NOTE TO SCHOOLS AND TEACHERS

Children and students are shaped by their school years into young adults influencing what their role in society will be in the future. In the 21st Century, children and adolescents are exposed to increased risks which may include bullying, mental health issues, domestic violence and suicide. Challenges that influence their identities can include questions of gender identity and sexual orientation. Our educational settings can be safe places where children and students seek clarity and share experiences and feelings.

 

The aim of the Kindness Curriculum is to provide activities that teachers can utilise in classrooms to address and explore social emotional learning and pro-social skills and traits that support wellbeing. Scientific studies have shown that kindness has several physical and emotional benefits, encouraging well-rounded individuals who can flourish cognitively, emotionally and socially. It is recommended that engagement in these activities take into consideration:

 

  • school policies
  • school strategy and missions
  • individuals’ experiences and class contexts
  • student demographics, and
  • teacher experience

 

Importantly, the Kindness Curriculum and associated activities are not a substitute for, and should not be relied upon as, medical, mental or other heath advice. Further, not all teachers have the knowledge or experience to deal with mental health needs that present in their classrooms. It is recommended that School Leadership teams are consulted and advised of particularly concerning events and disclosures that occur in the classroom (in accordance with School policies). Clinical care providers, with certain specialist expertise, may need to be consulted in particular circumstances. Clinical care providers include psychiatrists, specialist mental health nurses, psychologists, general practitioners and others with specialised mental health training.

Got a question about the Kindness Curriculum? Have a look at our FAQs! If you are curious about anything else send us a message via our Contact Us page.

Educators Notes for the 12 Attributes

Collaboration is essential in almost all aspects of life – in the playground; classroom; families and in every work environment! Collaboration is when a group of people come together and contribute their expertise for the benefit of a shared objective or project. Meaningful collaboration promotes the building of peer relationships, and enables people to understand different perspectives, and to give and receive feedback.

Successful collaboration and team work requires communication (verbal, nonverbal, and written); active listening; social awareness, turn-taking; problem solving; respect and cooperative spirit. Trust is also central to successful collaboration activities as peers take risks together. Online platforms provide people with opportunities to connect with peers locally and around the world extending types of collaboration and teamwork. The activities sourced and designed provide opportunities for people to engage in tasks that require them to work together as they tackle new concepts and build new understandings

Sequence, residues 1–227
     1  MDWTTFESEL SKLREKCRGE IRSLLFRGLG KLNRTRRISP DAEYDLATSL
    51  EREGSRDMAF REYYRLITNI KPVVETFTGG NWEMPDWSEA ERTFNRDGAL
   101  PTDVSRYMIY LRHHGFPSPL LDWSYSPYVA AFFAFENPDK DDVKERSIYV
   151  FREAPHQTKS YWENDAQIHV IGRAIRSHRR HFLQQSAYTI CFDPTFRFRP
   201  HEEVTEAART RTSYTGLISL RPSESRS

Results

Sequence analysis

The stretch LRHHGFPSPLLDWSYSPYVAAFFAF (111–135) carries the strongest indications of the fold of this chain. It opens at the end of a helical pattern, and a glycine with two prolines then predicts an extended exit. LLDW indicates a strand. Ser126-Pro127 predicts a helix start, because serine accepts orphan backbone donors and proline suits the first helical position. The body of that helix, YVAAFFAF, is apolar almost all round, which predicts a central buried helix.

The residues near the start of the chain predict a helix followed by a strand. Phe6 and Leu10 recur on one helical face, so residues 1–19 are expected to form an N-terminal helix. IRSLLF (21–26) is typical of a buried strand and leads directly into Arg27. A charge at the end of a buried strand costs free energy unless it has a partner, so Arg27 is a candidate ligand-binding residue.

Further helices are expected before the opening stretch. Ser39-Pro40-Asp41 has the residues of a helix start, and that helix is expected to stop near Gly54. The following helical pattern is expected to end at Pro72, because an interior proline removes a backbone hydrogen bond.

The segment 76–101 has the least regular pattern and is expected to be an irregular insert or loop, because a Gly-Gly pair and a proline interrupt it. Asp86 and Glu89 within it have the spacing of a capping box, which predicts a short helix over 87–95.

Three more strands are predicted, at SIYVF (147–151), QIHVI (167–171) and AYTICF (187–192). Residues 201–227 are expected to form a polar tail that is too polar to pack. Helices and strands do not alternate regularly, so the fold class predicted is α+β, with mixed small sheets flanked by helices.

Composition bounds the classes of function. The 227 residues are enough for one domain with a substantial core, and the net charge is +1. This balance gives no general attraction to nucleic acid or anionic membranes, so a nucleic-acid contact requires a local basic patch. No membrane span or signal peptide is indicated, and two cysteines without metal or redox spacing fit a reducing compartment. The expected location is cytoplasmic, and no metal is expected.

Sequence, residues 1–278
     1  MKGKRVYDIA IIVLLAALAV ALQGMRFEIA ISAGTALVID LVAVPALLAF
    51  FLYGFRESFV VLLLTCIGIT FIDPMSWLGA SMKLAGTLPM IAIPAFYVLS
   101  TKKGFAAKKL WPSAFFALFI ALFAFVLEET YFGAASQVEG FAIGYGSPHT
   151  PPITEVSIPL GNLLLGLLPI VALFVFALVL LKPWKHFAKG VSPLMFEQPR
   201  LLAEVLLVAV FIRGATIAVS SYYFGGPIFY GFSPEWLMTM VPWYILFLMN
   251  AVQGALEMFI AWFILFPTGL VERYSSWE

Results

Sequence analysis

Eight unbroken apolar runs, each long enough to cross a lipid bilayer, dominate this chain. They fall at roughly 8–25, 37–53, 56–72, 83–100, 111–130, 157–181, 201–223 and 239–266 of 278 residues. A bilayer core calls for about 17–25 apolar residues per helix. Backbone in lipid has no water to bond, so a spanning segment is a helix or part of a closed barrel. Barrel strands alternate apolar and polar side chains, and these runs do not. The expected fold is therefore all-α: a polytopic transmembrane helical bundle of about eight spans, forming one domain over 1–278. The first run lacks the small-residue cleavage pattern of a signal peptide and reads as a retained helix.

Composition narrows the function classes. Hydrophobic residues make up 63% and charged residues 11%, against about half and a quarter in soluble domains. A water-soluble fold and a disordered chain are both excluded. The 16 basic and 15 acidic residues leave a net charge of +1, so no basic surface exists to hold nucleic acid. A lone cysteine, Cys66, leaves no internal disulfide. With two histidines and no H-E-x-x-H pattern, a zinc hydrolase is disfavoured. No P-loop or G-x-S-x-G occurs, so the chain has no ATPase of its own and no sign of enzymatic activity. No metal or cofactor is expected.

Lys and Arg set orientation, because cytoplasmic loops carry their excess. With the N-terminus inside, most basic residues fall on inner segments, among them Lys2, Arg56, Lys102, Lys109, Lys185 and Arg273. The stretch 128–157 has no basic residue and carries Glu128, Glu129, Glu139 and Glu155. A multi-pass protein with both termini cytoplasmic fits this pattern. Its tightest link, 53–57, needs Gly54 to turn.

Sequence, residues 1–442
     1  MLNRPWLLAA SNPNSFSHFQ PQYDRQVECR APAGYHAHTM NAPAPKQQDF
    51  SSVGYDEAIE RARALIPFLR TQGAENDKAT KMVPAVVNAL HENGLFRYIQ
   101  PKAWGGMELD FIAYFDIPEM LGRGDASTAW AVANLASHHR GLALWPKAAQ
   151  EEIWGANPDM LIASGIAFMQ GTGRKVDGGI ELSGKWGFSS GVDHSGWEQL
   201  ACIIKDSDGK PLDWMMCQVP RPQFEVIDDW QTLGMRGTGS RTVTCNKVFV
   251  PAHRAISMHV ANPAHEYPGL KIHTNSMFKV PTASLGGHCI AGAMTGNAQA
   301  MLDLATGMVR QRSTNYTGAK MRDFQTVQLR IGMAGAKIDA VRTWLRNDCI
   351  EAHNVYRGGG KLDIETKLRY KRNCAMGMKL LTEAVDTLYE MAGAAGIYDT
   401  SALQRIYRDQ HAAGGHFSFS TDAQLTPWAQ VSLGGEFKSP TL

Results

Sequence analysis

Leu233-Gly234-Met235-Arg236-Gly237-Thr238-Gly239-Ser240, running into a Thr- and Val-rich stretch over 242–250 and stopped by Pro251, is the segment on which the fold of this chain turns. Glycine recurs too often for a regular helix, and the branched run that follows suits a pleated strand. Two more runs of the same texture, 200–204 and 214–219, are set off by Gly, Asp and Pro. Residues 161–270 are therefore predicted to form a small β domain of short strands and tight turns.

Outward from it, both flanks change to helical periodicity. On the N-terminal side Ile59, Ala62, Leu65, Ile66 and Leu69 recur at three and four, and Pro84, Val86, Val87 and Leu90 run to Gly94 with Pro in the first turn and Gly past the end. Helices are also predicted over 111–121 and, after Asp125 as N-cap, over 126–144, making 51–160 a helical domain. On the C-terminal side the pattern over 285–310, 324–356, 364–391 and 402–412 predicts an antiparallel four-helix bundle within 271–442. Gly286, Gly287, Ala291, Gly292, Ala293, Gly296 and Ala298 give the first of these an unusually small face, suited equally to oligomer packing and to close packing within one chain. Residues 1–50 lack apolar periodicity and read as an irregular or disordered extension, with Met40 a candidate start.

Exploring Compassion

Compassion literally means “to suffer together.” It is the capacity to understand the emotional state of another and have genuine feelings for other people’s circumstances and feel motivated to support and assist. It requires a certain level of awareness, concern, caregiving and empathy. Compassion requires action. The benefits of showing compassion are numerous: increased happiness and decreased depression; social connection; increased self-esteem, empathy, and well-being. Self-compassion is the care and nurturing we offer ourselves when we make mistakes, do not achieve or are disappointed with our actions. It serves an important function for self-kindness and forgiveness reducing feelings of anxiety and depression. Self-compassion is also an essential life skill that supports peoples’ mental health and emotional resilience. The activities sourced and designed provide opportunities for people to look and reflect internally and to understand emotions, and responses to life events. The development of positive self-love will better equip people to have compassion and respect for others and themselves.

Empathy is the awareness and understanding of another person’s thoughts, feelings, and circumstances.  The ability to co-experience the feelings and thoughts of other people, is probably one of the most important skills a person may have. Understanding others’ feelings and needs helps people maintain friendships, encourages tolerance and acceptance of others. Empathy promotes good mental health and wellbeing. Being empathetic assists people in building and maintaining strong and healthy relationships with their friends, family, co-workers, and community. Helping people to develop a strong sense of empathy is beneficial because it promotes social harmony, reduces the likelihood of prejudice, lowers levels of stress and contributes to emotional and social growth. In an ever-changing and diverse world appreciating and being sensitive to others’ experiences, backgrounds, and cultures is essential.

Gratitude is from the Latin word gratus, which means “thankful, pleasing.” Gratitude is a feeling or attitude in acknowledgment of a benefit that one has received or will receive. Gratitude is an emotion like appreciation – taking the time to appreciate what you have is one of the keys to cultivating gratitude. Gratitude is the single best predictor of individual well-being contributing to life satisfaction, happiness, optimism, hope and positive affect. Gratitude is different from other caring emotions such as empathy and compassion and it develops as it is intentionally cultivated. Cultivating an attitude of gratitude requires people to look at their situations from a point of appreciation rather than from a deficit.

Honesty is defined as fairness and straightforwardness of conduct. It is when one speaks the truth and acts truthfully and is often connected to sincerity, integrity and trustworthiness. But honesty is not just about telling the truth. It promotes openness, gives clarity and empowers one to be authentic. Being honest requires courage, realism, trust and it takes practice. Learning honesty can be a challenge! Often social media and the virtual world create unreal perceptions of honesty and different concepts of reality. Honesty has connections to other traits that support kindness, in particular self-compassion and self-acceptance. The activities sourced and designed provide opportunities for people to explore authenticity and integrity in their own lives, classroom, workforce and community.